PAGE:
How to Play: Player 1 rolls the dice and adds the numbers. Then the player is able to knock down any combination of that number. The goal of the game is to get all your numbers knocked down first.
Example: Here an 8 is rolled. The player may put down the 8 tile or choose a combination of numbers, such as 7 and 1, or 6 and 2, or 3, 4, and 1 and so on. If they roll a number they cannot make, their turn is missed. However, the player cannot knock down an 8 AND a 7 and 1. They must choose one combination.

It's worth the $25 and the students are hooked!

Mentor Texts for Ecosystems and Human Impact on the Earth

Thursday, October 29, 2015
We are just finishing up our unit on ecosystems in 5th grade, so I wanted to share a few great mentor texts I used. These texts really talk about the effect humans have on ecosystems and the environment.

Just a Dream by Chris Van Allsburg: You can find it on Amazon here. The book tells the story of a boy who travels to different places in his dream noticing how badly humans have ruined the planet. He learns a lesson throughout the book that we need to take care of the earth or else our future will be in trouble.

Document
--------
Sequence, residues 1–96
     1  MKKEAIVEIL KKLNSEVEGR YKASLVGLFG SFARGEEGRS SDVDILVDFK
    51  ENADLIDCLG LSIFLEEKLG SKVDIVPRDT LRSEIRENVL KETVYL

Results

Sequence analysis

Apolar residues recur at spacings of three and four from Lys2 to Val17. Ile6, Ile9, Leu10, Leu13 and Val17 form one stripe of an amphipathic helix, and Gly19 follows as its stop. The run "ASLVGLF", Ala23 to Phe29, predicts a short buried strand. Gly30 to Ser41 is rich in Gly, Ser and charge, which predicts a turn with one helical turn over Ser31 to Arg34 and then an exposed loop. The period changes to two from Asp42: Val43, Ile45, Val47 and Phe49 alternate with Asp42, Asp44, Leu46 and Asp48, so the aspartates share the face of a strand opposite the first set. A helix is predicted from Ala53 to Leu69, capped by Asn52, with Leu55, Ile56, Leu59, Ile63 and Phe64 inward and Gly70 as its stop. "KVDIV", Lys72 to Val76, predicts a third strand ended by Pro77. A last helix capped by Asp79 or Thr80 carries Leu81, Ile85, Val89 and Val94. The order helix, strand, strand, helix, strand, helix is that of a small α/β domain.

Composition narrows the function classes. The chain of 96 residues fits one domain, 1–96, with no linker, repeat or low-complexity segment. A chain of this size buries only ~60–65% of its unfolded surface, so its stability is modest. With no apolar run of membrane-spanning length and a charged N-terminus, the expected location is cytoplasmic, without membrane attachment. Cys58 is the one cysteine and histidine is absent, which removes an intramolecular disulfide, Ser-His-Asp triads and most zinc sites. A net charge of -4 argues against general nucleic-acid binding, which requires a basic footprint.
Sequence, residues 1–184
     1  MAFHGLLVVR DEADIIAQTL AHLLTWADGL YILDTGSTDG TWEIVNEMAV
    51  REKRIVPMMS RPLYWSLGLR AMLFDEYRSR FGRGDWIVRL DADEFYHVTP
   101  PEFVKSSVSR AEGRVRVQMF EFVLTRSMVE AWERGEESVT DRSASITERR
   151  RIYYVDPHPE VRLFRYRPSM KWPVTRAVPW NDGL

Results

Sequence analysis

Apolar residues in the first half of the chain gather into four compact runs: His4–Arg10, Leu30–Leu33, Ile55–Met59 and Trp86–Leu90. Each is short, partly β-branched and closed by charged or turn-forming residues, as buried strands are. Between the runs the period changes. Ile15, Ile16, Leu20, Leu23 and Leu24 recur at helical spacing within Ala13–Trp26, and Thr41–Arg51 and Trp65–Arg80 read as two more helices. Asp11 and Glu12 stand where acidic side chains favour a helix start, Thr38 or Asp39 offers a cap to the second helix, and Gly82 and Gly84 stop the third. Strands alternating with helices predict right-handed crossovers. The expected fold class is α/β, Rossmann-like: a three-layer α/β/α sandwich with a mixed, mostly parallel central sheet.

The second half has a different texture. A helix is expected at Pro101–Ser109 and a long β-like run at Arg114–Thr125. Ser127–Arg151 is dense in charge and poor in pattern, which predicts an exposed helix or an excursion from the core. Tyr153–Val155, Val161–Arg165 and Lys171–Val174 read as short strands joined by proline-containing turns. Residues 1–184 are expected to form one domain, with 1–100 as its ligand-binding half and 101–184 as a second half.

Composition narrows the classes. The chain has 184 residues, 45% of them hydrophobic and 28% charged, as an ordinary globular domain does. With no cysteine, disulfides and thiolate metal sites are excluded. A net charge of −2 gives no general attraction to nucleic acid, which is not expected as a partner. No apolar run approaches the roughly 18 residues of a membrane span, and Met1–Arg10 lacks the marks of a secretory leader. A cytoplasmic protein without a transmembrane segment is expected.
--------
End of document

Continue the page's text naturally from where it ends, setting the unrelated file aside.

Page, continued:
A River Ran Wild by Lynne Cherry: You can find it on Amazon here. This book talks about a beautiful and resourceful river the Nashua Indians used. After excessive human impact, the river became severely polluted and ruined the surrounding ecosystem. The story also tells about how people came together and chose to clean up the river to renew its resources to the surrounding community.

The Great Kapok Tree by Lynne Cherry: You can find it on Amazon here. This books begins with a man going into the forest to cut down a tree. The animals of the forest try to convince him not to cut down the tree and give several reasons why.

These mentor texts have great extending lessons that can be used as well!

Organizing Your Classroom Library: WITH A FREEBIE!

Friday, October 23, 2015
Happy Friday everyone!